L to R: From left: UTD's Jonsson School Dean Dr. Stephanie Adams, Amazon Robotics employees Justin Croyle and Kobe Boateng, and Dr. Steve Yurkovich and Andrew Sherwood of the Jonsson School celebrated the new partnership. [Photo: UTD]
“This gift means that our students will be on the cutting edge of something new.”
Dr. Steve Yurkovich
Louis Beecherl Jr. Distinguished Chair
UT Dallas’ Jonsson School of Engineering
.…on UTD getting a $100K grant from Amazon Robotics to expand course offerings in functional safety.
Dr. Yurkovich, second from right above, recently welcomed Amazon Robotics employees Justin Croyle and Kobe Boateng (second and third from left) with a little help from Jonsson School Dean Dr. Stephanie Adams at far left and the Jonsson School’s Andrew Sherwood at far right.
The occasion was a $100,000 grant from Amazon Robotics to support the development of new coursework in functional safety—a practice that ensures the safe functioning of everything from autonomous warehouse robots to delivery robots and more.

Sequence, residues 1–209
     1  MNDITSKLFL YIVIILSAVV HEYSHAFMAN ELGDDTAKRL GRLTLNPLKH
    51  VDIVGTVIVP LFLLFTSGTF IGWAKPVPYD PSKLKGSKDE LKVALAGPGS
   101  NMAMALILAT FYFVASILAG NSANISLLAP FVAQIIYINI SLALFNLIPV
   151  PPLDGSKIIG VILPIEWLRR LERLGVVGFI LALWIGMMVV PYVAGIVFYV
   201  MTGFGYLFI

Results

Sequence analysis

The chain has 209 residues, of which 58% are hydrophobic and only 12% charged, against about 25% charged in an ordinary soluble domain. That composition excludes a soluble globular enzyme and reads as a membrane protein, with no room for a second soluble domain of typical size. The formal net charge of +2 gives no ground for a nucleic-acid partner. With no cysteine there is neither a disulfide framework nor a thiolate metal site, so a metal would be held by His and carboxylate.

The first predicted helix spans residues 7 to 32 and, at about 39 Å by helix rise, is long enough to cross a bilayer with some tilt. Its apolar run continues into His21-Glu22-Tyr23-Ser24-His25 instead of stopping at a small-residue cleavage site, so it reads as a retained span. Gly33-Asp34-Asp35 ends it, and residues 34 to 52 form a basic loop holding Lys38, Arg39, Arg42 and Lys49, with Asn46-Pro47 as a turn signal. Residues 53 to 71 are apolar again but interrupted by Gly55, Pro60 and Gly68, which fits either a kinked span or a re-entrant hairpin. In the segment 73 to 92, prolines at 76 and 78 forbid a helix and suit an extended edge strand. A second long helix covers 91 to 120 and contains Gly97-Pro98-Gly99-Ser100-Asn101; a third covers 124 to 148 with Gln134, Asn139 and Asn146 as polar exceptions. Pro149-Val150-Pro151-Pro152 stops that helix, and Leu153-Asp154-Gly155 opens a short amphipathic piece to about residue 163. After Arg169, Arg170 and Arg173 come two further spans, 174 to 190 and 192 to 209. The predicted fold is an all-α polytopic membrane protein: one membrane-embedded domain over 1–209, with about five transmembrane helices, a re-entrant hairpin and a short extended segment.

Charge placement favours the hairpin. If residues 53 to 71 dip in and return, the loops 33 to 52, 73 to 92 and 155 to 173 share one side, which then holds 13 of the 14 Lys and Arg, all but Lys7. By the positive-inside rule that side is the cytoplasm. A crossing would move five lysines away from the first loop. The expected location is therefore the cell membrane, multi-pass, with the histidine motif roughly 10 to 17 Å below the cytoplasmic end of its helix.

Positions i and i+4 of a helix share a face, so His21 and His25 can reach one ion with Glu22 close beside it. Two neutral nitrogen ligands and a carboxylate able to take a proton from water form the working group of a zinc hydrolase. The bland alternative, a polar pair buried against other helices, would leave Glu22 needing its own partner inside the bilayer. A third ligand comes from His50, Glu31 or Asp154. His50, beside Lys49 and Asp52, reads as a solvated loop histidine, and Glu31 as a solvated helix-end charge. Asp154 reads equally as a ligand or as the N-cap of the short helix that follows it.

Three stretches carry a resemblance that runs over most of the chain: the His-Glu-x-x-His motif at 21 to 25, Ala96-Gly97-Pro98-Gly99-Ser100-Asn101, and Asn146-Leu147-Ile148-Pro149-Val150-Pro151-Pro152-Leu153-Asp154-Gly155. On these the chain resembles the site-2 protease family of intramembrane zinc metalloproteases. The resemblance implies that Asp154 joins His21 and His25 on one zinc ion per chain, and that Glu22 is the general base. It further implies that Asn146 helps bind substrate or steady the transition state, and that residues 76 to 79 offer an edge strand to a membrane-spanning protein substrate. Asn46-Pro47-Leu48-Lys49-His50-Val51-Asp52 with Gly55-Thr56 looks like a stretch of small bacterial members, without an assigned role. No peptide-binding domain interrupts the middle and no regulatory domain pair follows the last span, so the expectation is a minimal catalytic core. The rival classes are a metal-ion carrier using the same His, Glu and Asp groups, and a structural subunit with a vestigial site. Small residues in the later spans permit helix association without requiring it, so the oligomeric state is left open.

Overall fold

Yurkovich says the gift will help students “see that this work is different from what they’ve experienced in other classes, and that it’s something today’s engineers need to be prepared for.”
A separate functional safety system is needed to keep robots working as intended
Robots are an important tool to make Amazon efficient. [Photo: Amazon]
“When you have a control system in charge of a robot, you also need a separate system designed specifically to ensure that this robot can never cause harm to humans, buildings, machinery or anything else,” Croyle, principal functional safety engineer at Amazon Robotics, said in a statement. “Functional safety engineers are unique in that they must have a holistic understanding of the entire robotic system, they need to know elements of hardware design, software design, development and systems engineering.”
Most engineering programs don’t yet offer courses that provide students with the skills needed to succeed in the functional safety field, UTD says. Croyle added that Amazon sees this “severe deficit” continuing “for years to come.”
“Connecting with a university in a way that creates a pipeline of engineers who have this exposure is going to help fulfill our needs,” Croyle said.
After integrating functional safety elements into its existing current offerings, UTD department leaders foresee the creation of a new certificate program eventually arising out of the initiative, the school said.
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